Food Labels and the Environment: Organic Regulation and Its Problems in the US and EU

Wednesday, June 24, 2009

An increasing number of consumers make purchasing choices informed by ethical and political values, which has expanded the market for so-called "eco-labeled" goods (Micheletti, 2003; Bryant and Goodman, 2004; Bureau and Marette 2000). The rise of supply and demand for eco-labels is indicative of a more general shift away from traditional command and control forms of regulation toward market-based strategies (USAID, 2005). However, labeling systems are far from simple, and raise important concerns for international regulatory harmonization: behind a state-ratified label lies a complex regime of governmental regulation, consumer and producer, cultural values, authoritative knowledge, and trade politics. Perhaps for this reason, they have been controversial both within and across regulatory jurisdictions. Process-based labeling of food has received increasing attention in recent years in light of controversies over genetically modified foods, concerns about animal cruelty, the use of chemicals in food production, and the social impacts of labor practices (Henneberry and Armbruster, 2003). Heated cross-Atlantic battles over gentically modified organisms (GMOs), recombinant bovine growth hormone (rBGH) and geographic indicators reveal persistent differences in the regulatory domains of environment, food, agriculture, and sustainability. The story of organic has been lurking in the shadow of these more contentious battles, and the United States (US) and European Union (EU), along with other key actors, have been working to achieve harmonization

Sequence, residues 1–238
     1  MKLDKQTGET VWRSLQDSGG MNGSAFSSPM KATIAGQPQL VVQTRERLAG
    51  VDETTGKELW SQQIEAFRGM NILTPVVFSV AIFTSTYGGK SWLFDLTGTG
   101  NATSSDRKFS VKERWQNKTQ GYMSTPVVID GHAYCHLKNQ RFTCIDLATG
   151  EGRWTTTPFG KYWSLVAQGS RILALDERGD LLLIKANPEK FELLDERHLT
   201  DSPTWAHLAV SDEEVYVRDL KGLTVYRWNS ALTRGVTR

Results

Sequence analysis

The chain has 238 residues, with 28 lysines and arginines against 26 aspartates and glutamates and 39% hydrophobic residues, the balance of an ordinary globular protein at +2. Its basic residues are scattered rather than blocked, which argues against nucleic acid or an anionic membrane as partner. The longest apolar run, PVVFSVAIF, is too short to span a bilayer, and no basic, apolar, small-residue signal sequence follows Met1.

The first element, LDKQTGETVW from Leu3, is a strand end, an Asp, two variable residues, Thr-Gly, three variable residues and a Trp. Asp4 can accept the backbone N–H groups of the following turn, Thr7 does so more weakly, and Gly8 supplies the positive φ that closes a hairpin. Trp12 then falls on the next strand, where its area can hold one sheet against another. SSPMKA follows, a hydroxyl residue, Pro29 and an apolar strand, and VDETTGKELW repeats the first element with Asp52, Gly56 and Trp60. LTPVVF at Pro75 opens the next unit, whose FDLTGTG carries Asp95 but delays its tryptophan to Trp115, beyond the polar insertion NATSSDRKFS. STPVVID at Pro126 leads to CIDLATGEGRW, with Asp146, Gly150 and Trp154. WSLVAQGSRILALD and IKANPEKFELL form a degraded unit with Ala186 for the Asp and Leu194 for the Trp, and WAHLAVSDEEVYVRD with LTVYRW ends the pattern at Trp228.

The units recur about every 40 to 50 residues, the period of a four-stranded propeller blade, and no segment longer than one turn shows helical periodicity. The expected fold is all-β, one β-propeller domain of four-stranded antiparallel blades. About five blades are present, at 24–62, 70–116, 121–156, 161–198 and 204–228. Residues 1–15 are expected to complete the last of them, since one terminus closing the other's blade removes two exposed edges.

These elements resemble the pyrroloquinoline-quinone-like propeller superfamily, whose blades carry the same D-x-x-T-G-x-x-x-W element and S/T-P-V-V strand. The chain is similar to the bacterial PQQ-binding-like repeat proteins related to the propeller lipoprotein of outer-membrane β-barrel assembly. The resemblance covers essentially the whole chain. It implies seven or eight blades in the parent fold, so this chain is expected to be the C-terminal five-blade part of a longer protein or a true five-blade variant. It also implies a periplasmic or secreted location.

Kendra Klein

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